Why Ponzi Schemes Work: An In-Depth Look At The Allen Stanford Fraud

Dec 21 2014 | 11:30am ET

Again, Investors “Comforted” by Number of SEC Investigations

I also found that, as in the Madoff situation, Stanford used the fact that he was examined so many times by the SEC to persuade nervous investors to keep their money with him. During the investigation, I managed to find two former Stanford employees, Mark Tidwell and Charles Rawl, who had serious concerns about Stanford’s investments themselves. They told me that Stanford’s financial advisors used the fact that the SEC had previously examined Stanford to reassure investors about the fund’s safety. I learned that one investor said that her broker told her that “regulators came constantly,” and everything at Stanford was “perfect.” Investors were told that the SEC regulated Stanford, and Stanford had “always passed with flying colors.” Tidwell said that he was comforted when he was told by Stanford management that nothing was found by any regulatory inquiries, and that his understanding that regulatory entities looked into Stanford and found nothing was an “endorsement.” Stanford officials were able to represent persuasively that Stanford had been given a “clean bill of health” by the SEC because, in fact, Stanford had been examined on multiple occasions, and the SEC had not taken any action to sue the company.

Approximately two years after we issued our report of investigation regarding Allen Stanford, Stanford, having been convicted by a jury of perpetrating a $7 billion international fraud, was sentenced in June 2012 to 110 years in jail for what  the judge called “egregious criminal frauds.” The prosecutor told the judge, “This is a man utterly without remorse. He treated his victims like roadkill.”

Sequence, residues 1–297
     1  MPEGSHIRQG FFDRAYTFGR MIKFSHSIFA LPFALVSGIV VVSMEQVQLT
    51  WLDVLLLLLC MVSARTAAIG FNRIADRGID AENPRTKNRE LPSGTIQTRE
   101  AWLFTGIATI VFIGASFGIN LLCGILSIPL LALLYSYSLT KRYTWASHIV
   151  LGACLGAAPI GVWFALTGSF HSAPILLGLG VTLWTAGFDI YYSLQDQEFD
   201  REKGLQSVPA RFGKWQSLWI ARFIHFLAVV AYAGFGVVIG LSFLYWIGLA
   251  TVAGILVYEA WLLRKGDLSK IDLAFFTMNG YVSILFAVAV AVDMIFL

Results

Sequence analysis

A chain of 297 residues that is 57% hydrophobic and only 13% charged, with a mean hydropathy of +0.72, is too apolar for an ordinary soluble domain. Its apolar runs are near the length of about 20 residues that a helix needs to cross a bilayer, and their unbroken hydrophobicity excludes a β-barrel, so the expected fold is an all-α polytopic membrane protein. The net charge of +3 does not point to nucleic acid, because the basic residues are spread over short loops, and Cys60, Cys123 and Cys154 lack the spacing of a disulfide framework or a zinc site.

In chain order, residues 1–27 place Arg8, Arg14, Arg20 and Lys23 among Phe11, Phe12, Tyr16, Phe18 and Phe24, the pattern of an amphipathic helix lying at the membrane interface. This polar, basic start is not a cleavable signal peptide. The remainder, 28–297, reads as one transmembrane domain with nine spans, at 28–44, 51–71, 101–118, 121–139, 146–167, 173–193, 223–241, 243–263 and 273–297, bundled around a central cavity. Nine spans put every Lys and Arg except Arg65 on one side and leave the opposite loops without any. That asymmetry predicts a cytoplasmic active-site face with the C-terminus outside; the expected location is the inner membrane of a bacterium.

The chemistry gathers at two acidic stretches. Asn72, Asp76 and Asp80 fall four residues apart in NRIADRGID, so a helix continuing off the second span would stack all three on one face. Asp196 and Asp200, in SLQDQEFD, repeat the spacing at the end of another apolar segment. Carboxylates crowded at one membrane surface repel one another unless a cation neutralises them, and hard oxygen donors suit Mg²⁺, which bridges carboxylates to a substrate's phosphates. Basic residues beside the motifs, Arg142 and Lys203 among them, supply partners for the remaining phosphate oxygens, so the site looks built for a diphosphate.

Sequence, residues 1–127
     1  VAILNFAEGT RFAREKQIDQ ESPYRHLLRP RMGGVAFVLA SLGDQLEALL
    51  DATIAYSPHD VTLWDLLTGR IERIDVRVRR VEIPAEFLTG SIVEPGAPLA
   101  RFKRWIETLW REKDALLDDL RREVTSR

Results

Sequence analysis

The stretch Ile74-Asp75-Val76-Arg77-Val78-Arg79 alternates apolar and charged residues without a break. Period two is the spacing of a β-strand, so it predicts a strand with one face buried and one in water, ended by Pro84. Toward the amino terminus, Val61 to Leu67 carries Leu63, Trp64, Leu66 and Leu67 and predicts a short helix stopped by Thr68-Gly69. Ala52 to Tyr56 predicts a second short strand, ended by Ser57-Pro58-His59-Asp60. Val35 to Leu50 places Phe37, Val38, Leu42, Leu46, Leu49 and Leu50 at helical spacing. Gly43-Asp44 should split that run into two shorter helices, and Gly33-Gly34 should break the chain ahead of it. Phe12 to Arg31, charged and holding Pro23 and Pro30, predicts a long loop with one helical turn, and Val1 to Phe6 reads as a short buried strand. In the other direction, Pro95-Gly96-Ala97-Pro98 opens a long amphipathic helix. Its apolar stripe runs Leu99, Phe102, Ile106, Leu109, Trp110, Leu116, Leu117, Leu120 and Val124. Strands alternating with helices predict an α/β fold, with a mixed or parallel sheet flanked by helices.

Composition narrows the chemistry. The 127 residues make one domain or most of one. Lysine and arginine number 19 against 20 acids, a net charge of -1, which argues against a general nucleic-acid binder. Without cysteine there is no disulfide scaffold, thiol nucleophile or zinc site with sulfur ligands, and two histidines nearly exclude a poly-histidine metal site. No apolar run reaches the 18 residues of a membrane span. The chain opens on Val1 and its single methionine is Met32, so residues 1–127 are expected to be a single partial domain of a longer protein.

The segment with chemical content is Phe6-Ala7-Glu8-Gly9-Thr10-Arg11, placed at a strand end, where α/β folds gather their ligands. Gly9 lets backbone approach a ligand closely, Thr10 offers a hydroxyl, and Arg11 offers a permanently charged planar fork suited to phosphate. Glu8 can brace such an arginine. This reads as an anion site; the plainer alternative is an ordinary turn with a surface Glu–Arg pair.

About The Author

H. David Kotz, a managing director in the global consulting firm of Berkeley Research Group (BRG), conducts internal investigations and consults with and provides expert testimony on behalf of clients in a wide variety of areas relating to securities fraud, Ponzi schemes, securities market regulation, and internal control risk policies. Mr. Kotz served as the inspector general of the Securities and Exchange Commission (SEC) for over four years, where he conducted numerous high-profile investigations and audits, including the investigation of the failure of the SEC to uncover Bernard Madoff’s $50 billion Ponzi scheme.

Reprinted from Why Ponzi Schemes Work and How to Protect Yourself from Being Defrauded, with permission of Thomson Reuters. Copyright © 2014. Further use without the permission of Thomson Reuters is prohibited. For further information about this publication, please visit our website, or call 800.328.9352.

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